Building anything takes effort and care, destruction is fast, easy and powerful. It can take years to grow a tree and minutes to cut it down. Construct the house of your dreams and blow it up in seconds. The same seems to be true for real love. Trust can be sabotaged by an act of deceit. Bonds shattered by selfishness. There are Ten Commandments and notably they’re not called the “Ten Suggestions.” There is no fine print or further explanations. We really don’t need to be specifically told what’s the right thing and the wrong thing to do: we know but sometimes if we’re not violating a written code we dismiss garden variety sensibility. Do the right thing, we know what that is. Lesson Four: Play by the rules.

Real love doesn’t turn when times become difficult. Real love listens, deeply listens. Real love does more than tolerate, it celebrates even in the darkest of moments. Real love isn’t the stuff of fairy tales, it’s the gritty stories of survival, sacrifice, passion, appreciation, laughter, acceptance and courage. This doesn’t sound all that glamorous: exactly my point.

This was partly inspired by a friend’s daily posting of Life Lessons: a line or two of daily inspiration. This blog was written on a Toshiba Notebook computer that’s just begging to be recycled.

What’s your opinion? Any thoughts to add to “real love?” You can leave a reply or write to me at and let me know what you think. Thanks, Prof. Dave


8 thoughts on “Real Love

  1. Hi Uncle Dave,

    I think you hit the nail on the head with this one. Real love is beyond the hardest thing to find, well next to what South Park says is :) . I say all the time about meeting Robbie I had given up on finding true, real, unconditional love, and when I met Robbie all we had in common was the gender of our children. Something amazing happened in that first meeting we let walls down to see that we had both been wounded by past lovers, we saw what we wanted and it just happened to be sitting next to us as each other. Since July 1, 2010 I’ve grown and changed my practices in how I act in a relationship. I love deeper, and truer, and without any limits. I guess that’s why I’m now a Red Sox fan you must be able to love deep to love a team that constantly suck. All my love, Rachel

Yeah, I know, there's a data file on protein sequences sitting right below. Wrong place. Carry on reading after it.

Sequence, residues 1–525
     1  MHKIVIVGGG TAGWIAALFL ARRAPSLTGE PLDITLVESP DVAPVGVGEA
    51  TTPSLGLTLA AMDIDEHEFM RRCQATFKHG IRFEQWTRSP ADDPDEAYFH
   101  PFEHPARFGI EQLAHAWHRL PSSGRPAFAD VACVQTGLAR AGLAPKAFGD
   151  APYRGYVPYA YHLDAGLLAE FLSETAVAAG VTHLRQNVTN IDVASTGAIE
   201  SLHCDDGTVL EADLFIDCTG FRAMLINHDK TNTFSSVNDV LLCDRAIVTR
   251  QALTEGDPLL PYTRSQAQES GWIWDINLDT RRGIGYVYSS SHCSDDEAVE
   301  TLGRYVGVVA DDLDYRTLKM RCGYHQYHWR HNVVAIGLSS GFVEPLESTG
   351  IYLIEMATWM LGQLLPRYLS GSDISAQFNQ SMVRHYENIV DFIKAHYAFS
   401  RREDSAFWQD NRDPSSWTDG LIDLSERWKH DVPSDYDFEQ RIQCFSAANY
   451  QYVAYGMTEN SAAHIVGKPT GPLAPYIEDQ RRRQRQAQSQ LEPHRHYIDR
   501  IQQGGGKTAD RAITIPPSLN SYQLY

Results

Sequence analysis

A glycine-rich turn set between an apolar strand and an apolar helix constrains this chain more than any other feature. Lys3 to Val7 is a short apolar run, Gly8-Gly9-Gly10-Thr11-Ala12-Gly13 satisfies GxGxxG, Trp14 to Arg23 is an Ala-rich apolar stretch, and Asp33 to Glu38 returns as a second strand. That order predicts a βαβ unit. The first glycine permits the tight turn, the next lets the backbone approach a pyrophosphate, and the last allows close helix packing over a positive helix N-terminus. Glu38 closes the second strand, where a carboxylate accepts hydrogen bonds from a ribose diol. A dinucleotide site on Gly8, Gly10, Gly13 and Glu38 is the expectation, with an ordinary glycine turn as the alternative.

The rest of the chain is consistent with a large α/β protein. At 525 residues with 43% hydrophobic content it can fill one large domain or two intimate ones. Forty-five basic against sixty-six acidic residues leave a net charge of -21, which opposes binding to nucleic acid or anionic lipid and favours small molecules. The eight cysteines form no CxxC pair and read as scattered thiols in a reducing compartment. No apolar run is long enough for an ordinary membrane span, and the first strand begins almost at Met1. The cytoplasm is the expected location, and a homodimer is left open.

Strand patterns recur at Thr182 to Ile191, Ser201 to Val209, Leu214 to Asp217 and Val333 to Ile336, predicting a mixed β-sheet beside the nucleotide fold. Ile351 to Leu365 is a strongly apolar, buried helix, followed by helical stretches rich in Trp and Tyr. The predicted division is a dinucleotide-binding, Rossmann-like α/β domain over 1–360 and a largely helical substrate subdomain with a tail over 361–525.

• You were very much in my thoughts when I wrote this. I’ll keep it between us and not tell the other readers that you’re my beloved niece who jsut happens to be getting married this Saturday. (love) Prof. Dave

  2. That was beautiful, Uncle Dave! Very inspirational and something I needed to read today. Thank you for your beautiful writing (that is more than a little responsible for inspiring me to start my recent writing project :) )

  3. Well Uncle Dave, My wedding went off without a hitch. I love deeply and am loved deeply, I tagged you in a note I wrote on Facebook the note I wrote today are the vows I spoke to Robbie yesturday. They spoke from my heart and my head. Real love is the hardest thing to attain but once one finds it as you put it, it is the easiest thing to mess up. I am lucky to have a man that reminds me of all the great Men I have in my life. He is Harold, and I am his Harriet, he is Richard and I am his Gertrude. He is Don and I am his Barbara, he is all of the things that made and make those relationships endless and flawed, perfect and simple. There isn’t an experation date on real love, it’s just hard to find the right store to get it at. I love you and next year while we won’t be in Jerusalem, we will be renewing our vows for everyone.